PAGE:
Mixed news for Euro and US Dollar rates

1 August, 2016

Robin Haynes

The Pound ended last week around 1% lower against the Euro, as the end of July brought quiet trading conditions, in contrast to recent weeks. The Eurozone’s GDP figures, announced on Friday, showed the single currency zone’s growth rate halved for April to June, compared to the 3 months before; but inflation was up, steering the bloc away from dangerous deflation territory.

The mixed news was taken as a positive for the Euro, which ended Friday around a cent off its strongest post-Brexit levels.

The story was similar in the USA, where growth to June was announced last week at 1.2%, well down on forecasts of 2.6%, and first quarter figures were also revised down. However consumer spending was much higher than expected, and the Federal Reserve is still expected to raise US interest rates soon. The Dollar ended the week cheaper by about 1% against the Pound.

UK interest rate cut this week?
This week we have a busy week of data releases (see below) as we enter August, and with thinner holiday trading we could see some volatility in exchange rates return. Realistically, the focus for the Pound will be almost entirely on Thursday’s interest rate announcement, when we expect Mark Carney to announce a 0.25% cut in base rates. At the same time, should the Bank’s Quantitative Easing programme be extended, or a further cut in interest rates be announced or discussed in the accompanying press statement, we would expect to see the Pound fall further in value. Conversely, should the Bank keep interest rates on hold, sterling would be likely to see an improvement.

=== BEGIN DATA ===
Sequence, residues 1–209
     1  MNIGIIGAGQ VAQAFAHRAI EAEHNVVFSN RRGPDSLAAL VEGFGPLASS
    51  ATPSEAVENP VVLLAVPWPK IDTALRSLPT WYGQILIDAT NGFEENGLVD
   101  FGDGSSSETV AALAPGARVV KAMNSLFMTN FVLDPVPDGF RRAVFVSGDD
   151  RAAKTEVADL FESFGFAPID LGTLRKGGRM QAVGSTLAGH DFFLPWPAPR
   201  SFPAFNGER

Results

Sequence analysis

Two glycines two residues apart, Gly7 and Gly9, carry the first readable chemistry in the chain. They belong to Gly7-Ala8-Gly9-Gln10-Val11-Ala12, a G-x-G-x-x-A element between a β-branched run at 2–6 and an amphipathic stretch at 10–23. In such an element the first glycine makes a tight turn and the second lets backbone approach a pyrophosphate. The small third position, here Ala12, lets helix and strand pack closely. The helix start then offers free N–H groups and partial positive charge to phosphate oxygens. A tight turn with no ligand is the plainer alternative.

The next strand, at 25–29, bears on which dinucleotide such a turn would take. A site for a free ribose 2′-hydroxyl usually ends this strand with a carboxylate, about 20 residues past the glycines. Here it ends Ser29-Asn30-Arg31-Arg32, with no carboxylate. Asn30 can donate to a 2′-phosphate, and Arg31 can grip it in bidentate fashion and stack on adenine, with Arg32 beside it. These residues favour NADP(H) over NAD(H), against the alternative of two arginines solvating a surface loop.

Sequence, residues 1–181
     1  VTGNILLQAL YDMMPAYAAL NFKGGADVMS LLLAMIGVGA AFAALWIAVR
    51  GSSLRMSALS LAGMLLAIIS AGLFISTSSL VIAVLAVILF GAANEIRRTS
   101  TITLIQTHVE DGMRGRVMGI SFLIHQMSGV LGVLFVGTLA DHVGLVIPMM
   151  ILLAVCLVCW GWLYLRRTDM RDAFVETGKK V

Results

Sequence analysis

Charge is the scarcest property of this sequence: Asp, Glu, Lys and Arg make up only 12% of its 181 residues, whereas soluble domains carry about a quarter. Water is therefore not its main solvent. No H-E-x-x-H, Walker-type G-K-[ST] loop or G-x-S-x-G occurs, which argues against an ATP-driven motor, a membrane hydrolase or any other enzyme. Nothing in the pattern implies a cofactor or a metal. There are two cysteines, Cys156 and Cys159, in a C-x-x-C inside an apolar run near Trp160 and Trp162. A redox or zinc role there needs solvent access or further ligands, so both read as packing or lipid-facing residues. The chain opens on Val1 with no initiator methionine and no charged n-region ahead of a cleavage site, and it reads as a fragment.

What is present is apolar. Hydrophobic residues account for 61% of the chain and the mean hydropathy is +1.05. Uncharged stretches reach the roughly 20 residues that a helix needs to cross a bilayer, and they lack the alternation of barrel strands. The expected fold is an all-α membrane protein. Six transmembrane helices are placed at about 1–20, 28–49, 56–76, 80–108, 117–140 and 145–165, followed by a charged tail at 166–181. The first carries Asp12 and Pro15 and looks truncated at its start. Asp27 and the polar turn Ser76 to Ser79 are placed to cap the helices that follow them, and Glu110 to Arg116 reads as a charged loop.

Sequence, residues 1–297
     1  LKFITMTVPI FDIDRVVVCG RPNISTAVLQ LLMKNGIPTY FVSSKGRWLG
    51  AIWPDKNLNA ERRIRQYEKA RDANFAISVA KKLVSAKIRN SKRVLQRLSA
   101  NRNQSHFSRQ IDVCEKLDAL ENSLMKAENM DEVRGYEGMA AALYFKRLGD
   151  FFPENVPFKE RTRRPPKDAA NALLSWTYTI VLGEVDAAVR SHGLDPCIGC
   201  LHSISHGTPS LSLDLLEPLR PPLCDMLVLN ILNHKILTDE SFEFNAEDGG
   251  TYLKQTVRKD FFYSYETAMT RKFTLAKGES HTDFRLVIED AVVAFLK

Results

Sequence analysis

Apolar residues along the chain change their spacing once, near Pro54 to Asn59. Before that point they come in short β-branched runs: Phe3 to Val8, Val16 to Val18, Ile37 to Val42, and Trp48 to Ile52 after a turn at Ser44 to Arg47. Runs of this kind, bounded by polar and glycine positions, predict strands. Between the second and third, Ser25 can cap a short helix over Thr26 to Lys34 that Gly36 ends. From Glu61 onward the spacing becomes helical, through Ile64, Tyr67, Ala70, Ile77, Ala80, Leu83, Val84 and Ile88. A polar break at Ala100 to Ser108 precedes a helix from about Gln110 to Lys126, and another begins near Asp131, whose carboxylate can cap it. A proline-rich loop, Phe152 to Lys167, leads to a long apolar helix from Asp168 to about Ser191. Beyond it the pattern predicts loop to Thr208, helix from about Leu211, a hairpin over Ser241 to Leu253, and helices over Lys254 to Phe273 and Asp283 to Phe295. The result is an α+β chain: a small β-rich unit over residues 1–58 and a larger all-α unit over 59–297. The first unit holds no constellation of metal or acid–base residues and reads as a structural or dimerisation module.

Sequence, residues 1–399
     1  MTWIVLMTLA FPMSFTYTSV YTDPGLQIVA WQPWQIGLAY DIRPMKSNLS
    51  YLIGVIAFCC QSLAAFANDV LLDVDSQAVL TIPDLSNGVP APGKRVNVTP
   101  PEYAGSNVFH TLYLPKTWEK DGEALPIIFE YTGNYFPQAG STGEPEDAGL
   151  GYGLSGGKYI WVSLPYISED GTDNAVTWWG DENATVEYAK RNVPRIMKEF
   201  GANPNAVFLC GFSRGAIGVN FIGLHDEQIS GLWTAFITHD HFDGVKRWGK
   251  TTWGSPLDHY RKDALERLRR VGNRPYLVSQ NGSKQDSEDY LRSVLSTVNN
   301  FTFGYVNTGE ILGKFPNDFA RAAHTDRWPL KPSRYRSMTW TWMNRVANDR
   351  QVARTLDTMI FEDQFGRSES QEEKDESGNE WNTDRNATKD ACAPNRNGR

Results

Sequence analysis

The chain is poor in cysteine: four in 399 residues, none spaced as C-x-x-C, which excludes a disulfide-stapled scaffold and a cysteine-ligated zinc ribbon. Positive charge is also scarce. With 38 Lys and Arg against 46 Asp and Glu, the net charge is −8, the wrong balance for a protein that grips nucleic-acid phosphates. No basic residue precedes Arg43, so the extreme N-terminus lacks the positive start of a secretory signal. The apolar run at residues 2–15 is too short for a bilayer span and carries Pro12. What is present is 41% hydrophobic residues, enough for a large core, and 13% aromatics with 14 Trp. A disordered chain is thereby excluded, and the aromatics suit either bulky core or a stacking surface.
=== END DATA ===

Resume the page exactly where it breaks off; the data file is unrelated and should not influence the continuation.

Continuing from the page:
Given the mixed data now coming out of the UK, Europe and the USA, there is not yet a clear consensus on the state of the world’s main economies, and as such there is uncertainty over the relative values of the world’s currencies. For now, markets have settled on a significantly lower Pound post-Brexit, but rates are likely to be on the move again in the coming weeks as July’s data starts to feed through and give us a clearer idea of the true effects of the last few tumultuous weeks’ events.

0900 – Eurozone manufacturing
0930 – UK manufacturing
1445 – US manufacturing

0230 – Australian trade balance
0530 – Australian interest rate decision
0815 – Swiss retail sales
0930 – UK construction
1000 – Eurozone producer inflation

No major data

0230 – Australian retail sales
1200 – UK interest rate decision
1230 – Bank of England speech

1330 – US non-farm payrolls
1330 – Canadian unemployment